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IBRU: Centre for Borders Research

Boundary news

Boundary news Headlines

Timor-Leste demands Australia enter into dialog over maritime dispute

(10 March 2016)

About 3,000 people marched to the Australian embassy in the Timor-Leste capital of Dili on 23rd February demanding dialog over the disputed marine border between the countries. A day later, during a special session of parliament in Dili, the heads of all four major political parties entreated Governor-General Sir Peter Cosgrove to ask the Australian government to come to the negotiating table.

The maritime treaties signed between 2002 and 2006 include a development and benefit sharing scheme for the Greater Sunrise oil and gas fields. At the core of the dispute is what Timor-Leste considers to be an unfair distribution of benefits, and the government in Dili seeks to negotiate a formal marine border that provides Timor-Leste with what it considers to be an equitable share of trans-border resources.

Timor-Leste foreign minister Hernani Coelho stated that when signing the treaty "The Australian government did everything to prevent an agreement for the sea and made sure we had no other choice than to accept their proposal … That was a very difficult choice for us because we were a very weak country; we had no assistance from experts on oil issues, no legal expertise to analyse the process of this agreement ... The Australian government knew and took advantage of our weaknesses."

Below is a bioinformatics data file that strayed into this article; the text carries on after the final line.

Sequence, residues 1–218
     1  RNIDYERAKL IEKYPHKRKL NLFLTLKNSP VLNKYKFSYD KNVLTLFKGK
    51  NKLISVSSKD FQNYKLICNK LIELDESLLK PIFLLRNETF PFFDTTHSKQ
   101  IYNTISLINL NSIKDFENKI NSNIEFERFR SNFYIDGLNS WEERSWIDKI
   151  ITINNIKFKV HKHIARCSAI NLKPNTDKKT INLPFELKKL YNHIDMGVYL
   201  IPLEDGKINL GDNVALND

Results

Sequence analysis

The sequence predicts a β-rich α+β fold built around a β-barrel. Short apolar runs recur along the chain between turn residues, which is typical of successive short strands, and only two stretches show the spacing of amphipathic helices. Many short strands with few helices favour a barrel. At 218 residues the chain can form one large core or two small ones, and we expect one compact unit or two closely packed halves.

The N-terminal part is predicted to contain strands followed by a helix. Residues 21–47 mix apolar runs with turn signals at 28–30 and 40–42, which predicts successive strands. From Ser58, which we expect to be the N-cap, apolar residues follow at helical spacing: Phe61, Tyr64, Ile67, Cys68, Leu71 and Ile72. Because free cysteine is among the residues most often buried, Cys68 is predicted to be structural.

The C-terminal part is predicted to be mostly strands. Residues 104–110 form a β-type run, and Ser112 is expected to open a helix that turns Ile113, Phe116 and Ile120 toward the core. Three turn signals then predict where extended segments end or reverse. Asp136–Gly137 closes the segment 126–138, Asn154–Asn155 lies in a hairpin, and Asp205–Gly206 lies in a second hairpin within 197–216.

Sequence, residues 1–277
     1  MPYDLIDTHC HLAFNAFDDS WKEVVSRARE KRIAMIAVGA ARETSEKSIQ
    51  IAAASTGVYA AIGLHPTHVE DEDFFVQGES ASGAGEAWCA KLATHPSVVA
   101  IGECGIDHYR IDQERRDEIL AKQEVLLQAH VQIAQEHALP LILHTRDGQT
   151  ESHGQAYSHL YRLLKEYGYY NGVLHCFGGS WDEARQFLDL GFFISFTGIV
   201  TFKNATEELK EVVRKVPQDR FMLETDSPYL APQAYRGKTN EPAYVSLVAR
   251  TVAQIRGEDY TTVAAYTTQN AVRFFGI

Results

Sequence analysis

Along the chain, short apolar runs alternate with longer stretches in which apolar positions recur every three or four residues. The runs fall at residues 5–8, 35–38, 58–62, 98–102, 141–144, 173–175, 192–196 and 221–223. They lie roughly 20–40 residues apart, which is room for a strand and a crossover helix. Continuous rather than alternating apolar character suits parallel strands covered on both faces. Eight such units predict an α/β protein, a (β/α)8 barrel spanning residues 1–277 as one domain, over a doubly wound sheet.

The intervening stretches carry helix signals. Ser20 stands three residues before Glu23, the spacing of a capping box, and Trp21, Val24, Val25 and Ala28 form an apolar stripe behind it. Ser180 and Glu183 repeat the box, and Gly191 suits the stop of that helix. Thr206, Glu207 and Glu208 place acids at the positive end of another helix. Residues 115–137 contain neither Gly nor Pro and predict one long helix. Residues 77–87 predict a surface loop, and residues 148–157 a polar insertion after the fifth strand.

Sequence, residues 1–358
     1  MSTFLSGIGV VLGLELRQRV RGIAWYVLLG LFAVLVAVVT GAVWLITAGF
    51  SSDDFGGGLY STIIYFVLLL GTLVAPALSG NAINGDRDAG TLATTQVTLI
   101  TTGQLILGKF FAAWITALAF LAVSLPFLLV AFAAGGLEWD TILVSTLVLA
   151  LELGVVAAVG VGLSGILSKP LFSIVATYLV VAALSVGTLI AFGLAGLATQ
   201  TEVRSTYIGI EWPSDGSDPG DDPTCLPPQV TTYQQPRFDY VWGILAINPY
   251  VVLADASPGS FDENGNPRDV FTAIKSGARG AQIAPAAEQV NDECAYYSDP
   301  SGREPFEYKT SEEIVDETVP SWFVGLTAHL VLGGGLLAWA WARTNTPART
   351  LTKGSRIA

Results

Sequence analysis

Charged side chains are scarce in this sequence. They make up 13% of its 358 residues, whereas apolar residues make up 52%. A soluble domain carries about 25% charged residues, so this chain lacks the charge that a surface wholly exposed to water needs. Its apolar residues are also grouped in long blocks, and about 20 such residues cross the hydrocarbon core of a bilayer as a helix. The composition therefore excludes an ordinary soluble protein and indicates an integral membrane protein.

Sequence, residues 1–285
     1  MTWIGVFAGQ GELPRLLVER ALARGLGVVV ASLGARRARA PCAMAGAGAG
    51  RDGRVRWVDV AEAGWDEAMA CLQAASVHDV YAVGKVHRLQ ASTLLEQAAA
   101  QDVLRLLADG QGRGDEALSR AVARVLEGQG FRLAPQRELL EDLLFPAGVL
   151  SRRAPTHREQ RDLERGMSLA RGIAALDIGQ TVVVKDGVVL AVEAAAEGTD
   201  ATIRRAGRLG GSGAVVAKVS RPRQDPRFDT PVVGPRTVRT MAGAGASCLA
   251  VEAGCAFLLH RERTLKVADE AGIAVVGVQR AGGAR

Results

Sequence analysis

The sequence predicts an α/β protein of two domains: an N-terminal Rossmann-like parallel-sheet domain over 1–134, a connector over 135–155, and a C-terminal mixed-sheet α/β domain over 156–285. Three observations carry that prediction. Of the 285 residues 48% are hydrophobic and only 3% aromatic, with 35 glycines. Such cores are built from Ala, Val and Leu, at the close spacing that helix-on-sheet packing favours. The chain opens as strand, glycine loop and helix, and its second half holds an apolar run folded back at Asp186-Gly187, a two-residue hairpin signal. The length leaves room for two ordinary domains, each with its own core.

The Australian government has so far not agreed to enter into formal talks.

Sources:

http://www.ucanews.com/news/timor-leste-protesters-urge-australia-to-settle-boundary-dispute/75303

http://www.sbs.com.au/news/article/2016/03/03/aust-ignoring-border-dispute-timor-mps

http://www.lowyinterpreter.org/post/2016/03/04/Timor-Sea-treaties-show-Australias-commitment-to-rules-based-order.aspx